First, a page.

Sunday, 12 June 2011

Still on duty HMS Victory (Nelsons ship)

News just in from our mate Notty,who in his early years was an electritian (he has progressed to being an electrical boffin now)

  When I worked on the Victory in the early 60's I had to go into every compartment while installing fire detectors, even then they would lower huge timbers down into the bilges where a gang of old timers using the Adz would shape them to fit the curvature of the hull as rotten timbers were removed, so I don't suppose there are many original timbers left after 50-years. That was one of the more memorable jobs I did.

Notty, in central England

The bow on this type of ship is just a blunt end,the ship was basically forced through the water.

HMS Victory bow details

I took the above three pictures in September 2002,the camera was a Sony Cyber Shot digital.

Nelsons ship,the Victory as seen in a full view side picture.

The Victory in her dry dock at Portsmouth.

Artists impression of the Battle of Trafalgar

Imagine the noise when this lot were fired at the same time,deafness was a result?

Its a tight space down on the gun decks.

We have been asked more than once how long will a wooden boat last,I just point to some pictures of Nelsons flag ship the Victory I took when in the Naval Dock Yard,Portsmouth,England.I was told at the time that the ship still has a command and the Queen attends a dinner there once a year,here is some history on this ship,now around 250years old!

In July 1759, Mr Edward Allen, Master Shipwright of Chatham Dockyard received a letter from the Principle Officers and Commissioners of the Admiralty directing him:

"To make preparation and to prepare costing for a First-Rate Ship of 100 guns, to be built and fitted for sea at Chatham".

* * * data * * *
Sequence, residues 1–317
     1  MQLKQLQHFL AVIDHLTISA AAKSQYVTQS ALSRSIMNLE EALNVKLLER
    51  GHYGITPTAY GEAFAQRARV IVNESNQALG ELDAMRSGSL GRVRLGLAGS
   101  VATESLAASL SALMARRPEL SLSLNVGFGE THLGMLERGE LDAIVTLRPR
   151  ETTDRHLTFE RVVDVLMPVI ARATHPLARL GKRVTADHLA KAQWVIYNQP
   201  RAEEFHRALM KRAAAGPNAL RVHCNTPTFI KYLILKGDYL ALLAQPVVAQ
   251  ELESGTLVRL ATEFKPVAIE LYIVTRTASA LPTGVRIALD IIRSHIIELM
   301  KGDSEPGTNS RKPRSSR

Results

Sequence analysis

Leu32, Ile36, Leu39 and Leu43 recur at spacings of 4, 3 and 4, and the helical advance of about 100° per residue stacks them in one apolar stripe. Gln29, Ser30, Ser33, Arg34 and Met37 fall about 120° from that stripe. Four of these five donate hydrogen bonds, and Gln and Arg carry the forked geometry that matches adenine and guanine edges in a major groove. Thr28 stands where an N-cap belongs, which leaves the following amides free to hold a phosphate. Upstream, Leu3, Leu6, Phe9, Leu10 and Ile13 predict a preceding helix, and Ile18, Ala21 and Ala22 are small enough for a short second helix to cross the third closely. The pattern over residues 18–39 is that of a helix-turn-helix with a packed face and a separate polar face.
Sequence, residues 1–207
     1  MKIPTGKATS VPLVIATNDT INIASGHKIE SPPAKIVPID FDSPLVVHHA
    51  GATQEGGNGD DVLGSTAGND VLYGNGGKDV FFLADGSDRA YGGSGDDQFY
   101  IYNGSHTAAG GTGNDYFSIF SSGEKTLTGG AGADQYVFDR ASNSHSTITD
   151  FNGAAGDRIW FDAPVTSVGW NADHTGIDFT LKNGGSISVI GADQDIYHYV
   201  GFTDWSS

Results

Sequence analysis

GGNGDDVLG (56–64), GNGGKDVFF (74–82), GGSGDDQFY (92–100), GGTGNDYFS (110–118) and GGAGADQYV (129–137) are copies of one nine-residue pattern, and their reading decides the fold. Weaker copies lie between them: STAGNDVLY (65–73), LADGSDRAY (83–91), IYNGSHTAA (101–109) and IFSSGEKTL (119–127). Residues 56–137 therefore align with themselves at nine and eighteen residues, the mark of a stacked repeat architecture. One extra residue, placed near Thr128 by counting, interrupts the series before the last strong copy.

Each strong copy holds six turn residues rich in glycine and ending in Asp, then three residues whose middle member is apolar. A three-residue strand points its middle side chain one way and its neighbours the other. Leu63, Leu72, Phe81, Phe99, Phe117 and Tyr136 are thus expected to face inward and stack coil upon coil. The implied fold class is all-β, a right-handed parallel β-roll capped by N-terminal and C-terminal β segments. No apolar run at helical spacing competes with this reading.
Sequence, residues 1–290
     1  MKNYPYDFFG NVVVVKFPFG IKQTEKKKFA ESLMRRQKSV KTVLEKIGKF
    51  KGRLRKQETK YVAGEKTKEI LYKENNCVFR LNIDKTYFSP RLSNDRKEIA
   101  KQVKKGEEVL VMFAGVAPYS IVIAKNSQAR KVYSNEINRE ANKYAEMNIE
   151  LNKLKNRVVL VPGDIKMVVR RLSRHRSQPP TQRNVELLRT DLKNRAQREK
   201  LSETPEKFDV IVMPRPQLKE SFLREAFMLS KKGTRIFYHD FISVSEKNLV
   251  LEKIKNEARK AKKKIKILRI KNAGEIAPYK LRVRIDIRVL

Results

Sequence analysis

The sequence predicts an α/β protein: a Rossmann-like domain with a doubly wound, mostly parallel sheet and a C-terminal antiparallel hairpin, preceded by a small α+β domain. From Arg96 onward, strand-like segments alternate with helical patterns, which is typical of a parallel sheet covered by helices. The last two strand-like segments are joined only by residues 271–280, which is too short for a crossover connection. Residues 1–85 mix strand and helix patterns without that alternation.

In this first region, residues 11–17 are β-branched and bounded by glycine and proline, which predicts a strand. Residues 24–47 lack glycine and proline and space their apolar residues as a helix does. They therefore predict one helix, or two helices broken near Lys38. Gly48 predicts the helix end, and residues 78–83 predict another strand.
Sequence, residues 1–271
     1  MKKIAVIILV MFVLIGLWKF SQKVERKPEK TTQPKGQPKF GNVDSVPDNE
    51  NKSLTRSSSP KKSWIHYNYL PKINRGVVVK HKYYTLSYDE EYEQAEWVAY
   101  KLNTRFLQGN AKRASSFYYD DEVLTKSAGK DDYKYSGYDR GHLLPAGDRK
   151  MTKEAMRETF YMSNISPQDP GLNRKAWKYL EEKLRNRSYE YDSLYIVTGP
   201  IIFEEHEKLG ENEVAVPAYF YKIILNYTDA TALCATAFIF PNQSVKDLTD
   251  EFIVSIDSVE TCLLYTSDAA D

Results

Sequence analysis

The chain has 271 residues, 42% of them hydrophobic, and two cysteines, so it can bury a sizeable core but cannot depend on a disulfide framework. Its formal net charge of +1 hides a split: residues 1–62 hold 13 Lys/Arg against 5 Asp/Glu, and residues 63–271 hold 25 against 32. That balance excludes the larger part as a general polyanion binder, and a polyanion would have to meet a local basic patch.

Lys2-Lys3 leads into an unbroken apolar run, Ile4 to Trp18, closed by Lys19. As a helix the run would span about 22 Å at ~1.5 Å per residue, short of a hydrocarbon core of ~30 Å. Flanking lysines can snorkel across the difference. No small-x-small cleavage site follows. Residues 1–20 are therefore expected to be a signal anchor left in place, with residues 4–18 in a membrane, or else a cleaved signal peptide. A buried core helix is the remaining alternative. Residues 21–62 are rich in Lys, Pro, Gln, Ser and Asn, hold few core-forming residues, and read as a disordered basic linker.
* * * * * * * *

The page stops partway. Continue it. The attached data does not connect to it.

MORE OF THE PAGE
Upon receipt of this warrant, work began on the ship that was to become HMS VICTORY, and in time, the most famous warship in the world.

The Victory was designed by Thomas Slade, the Senior Surveyor of the Navy. By custom, seven names were reserved for First Rates. The name "Victory" was the only name not already in use so it was chosen for the new ship in 1760. There were some doubts in the minds of the Admiralty Board before the name was actually chosen, as the previous Victory had been lost with all hands a few years before. But a new Victory did not seem to upset the people of the country and, more importantly, the sailors who would eventually sail her and take her into battle.

The keel was laid down in the old single dock at Chatham Dockyard on 23 July 1759. According to a report it was a "bright and sunny day". Timber for constructing a first rate ship had been placed in store to season some 14 years before. It is very probable that the long seasoning time greatly contributed to the ship's eventual longevity.

At first, some 250 men were employed in one form or another in her construction, but with the changing fortunes of the war with France, the workforce was reduced in 1761. When the Seven Years War ended in 1763 further employees were made redundant as work to complete the ship became less urgent.

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